A SHORT time before the opening of the exhibition at the beginning of 1855, Courbet suddenly remembered M. de Nieuwerkerque’s friendly attitude towards him, and wrote a long urgent letter to his friend Français, asking him to obtain a few small favours for him from the governing body. He wanted an extra time allowance of a fortnight before he had to send in the great picture on which he was at work. ” It is a picture about the size of ‘L’Enterrement,’ if not larger, with thirty life-size figures. I have had three months wasted by illness. . . Perhaps you would like to know the subject of my picture; it would take so long to explain that I leave it to you to guess when you see it; it is the history of my studio, and all its moral and physical happenings. It is rather mysterious, and he must read the riddle who can.” (From the collection of artists’ autograph letters in the Doucet library.)
The title of the picture did not throw much light on the picture : “The Painter’s Studio : A Real Allegory Setting Forth a Seven Years’ Phase of My Artistic Life.” It is necessary to consult the information collected and annotated by G. Riat to find any interpretation of the various intentions concealed in this strange picture.
In the middle of his studio the artist is painting a Franche-Comté landscape under the admiring gaze of a little shepherd boy and a nude woman. (The symbol of Courbet’s personal and realistic art.)
In the group on the left a poacher and his dog (Hunting) are gazing contemptuously at a sombrero, a guitar and a dagger (Romantic Poetry). Further back a skull on the “Journal des Débats” symbolizes the Press, while Poverty is incarnate in an Irishwoman grovelling on the floor. A lay figure, loosely tied to a post, represents Academic Art, while in the middle distance Oudot, the vine-grower (Work), is surrounded by a mob of the exploiters of humanity; a Jewish broker (Commerce), a clown (the Theatre), a priest (the Roman Catholic Religion), and a prostitute (Pleasure). A careful scrutiny reveals figures representing Jewish Religion, Death, Unemployment, etc.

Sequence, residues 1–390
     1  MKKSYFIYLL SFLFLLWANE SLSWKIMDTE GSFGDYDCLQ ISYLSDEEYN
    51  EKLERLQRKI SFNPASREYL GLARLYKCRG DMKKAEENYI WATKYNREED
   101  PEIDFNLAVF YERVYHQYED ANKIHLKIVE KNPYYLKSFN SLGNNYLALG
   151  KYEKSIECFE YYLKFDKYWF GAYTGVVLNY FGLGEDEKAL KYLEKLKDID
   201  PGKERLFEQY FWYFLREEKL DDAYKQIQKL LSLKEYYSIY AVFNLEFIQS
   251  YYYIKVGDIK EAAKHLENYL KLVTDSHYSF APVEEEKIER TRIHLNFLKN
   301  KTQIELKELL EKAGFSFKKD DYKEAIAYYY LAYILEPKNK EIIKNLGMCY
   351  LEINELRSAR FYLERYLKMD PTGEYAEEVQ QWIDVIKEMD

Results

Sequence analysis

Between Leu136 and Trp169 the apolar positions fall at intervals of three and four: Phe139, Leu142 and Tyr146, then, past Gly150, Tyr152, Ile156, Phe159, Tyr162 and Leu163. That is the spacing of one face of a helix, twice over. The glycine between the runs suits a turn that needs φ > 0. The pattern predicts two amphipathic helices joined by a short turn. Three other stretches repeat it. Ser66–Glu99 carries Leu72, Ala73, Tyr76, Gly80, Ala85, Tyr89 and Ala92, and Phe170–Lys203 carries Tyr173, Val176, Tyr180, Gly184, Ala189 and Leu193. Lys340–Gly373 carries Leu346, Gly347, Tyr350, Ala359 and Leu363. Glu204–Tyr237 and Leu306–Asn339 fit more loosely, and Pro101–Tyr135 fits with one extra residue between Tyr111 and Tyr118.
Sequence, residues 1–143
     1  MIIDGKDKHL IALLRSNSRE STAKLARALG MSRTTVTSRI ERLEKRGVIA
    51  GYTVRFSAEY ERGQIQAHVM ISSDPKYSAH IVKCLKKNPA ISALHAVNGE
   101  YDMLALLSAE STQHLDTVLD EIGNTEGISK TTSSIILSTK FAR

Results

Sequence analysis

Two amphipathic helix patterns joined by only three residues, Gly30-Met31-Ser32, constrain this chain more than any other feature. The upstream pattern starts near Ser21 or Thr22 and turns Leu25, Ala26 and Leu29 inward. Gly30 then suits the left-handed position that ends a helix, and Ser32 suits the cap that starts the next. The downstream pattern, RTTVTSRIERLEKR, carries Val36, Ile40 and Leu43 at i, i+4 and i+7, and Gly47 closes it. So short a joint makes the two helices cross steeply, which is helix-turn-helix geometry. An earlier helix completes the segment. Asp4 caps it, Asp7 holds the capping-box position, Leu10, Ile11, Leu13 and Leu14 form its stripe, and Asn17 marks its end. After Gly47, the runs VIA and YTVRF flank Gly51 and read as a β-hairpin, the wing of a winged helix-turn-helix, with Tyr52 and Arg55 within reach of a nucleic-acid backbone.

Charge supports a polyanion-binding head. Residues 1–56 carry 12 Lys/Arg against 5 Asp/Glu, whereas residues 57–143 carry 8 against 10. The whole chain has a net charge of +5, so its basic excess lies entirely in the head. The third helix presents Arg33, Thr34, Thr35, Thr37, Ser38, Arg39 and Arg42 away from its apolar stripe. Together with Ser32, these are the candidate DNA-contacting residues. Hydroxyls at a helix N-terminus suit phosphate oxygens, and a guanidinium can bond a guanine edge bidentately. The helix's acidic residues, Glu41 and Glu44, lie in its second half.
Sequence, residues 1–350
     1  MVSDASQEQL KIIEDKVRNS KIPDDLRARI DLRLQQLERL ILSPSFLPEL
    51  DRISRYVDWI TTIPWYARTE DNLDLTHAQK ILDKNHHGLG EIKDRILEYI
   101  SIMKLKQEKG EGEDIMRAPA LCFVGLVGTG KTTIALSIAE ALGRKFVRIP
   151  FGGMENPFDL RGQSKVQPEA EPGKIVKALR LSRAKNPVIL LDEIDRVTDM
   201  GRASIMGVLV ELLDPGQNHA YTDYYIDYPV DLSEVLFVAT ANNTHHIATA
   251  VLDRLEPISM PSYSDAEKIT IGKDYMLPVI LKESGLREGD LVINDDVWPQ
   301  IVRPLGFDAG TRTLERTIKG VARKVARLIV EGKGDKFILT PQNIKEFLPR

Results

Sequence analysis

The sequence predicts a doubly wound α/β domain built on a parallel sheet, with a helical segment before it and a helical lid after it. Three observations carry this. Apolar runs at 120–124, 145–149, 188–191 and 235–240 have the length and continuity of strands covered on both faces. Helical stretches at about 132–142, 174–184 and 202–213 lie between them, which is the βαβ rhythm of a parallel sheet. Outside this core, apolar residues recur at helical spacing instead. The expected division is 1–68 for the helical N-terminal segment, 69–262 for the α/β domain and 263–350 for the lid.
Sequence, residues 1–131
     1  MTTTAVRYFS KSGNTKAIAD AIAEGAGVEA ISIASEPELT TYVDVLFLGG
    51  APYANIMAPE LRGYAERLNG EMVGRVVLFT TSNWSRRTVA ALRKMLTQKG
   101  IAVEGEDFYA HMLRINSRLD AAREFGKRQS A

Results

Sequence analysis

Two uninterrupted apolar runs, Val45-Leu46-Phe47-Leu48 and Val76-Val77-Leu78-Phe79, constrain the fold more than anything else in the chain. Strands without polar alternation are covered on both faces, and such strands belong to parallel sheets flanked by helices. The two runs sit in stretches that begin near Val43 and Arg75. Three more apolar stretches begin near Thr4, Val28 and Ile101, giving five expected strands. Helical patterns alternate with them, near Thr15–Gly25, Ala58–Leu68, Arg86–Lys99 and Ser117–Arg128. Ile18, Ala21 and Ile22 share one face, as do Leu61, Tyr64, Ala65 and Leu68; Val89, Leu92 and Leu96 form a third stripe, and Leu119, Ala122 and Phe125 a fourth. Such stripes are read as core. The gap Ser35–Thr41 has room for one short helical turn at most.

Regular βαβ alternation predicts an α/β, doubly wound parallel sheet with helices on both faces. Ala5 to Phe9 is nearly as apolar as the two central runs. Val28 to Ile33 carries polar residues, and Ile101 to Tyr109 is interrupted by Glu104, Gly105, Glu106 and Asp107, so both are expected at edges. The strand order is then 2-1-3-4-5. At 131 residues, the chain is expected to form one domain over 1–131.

On the right are the friends and champions of the artist, some of them anonymous, like the family in the foreground, who represent society patrons of the arts, or the couple embracing by the window (Free Love); but we are able to recognize Baudelaire (Poetry), Champfleury (Prose), Proudhon (Social Philosophy), Promayet ( Music), Max Buchon (Realistic Poetry), and Bruyas (the Maecenas of Realistic Painting).
Only Courbet could have imagined that people would take the trouble to decipher this extraordinary logogriph. In spite of its admirable qualities the picture was rejected by the exhibition, and the artist had to find some other way of showing his work to the public.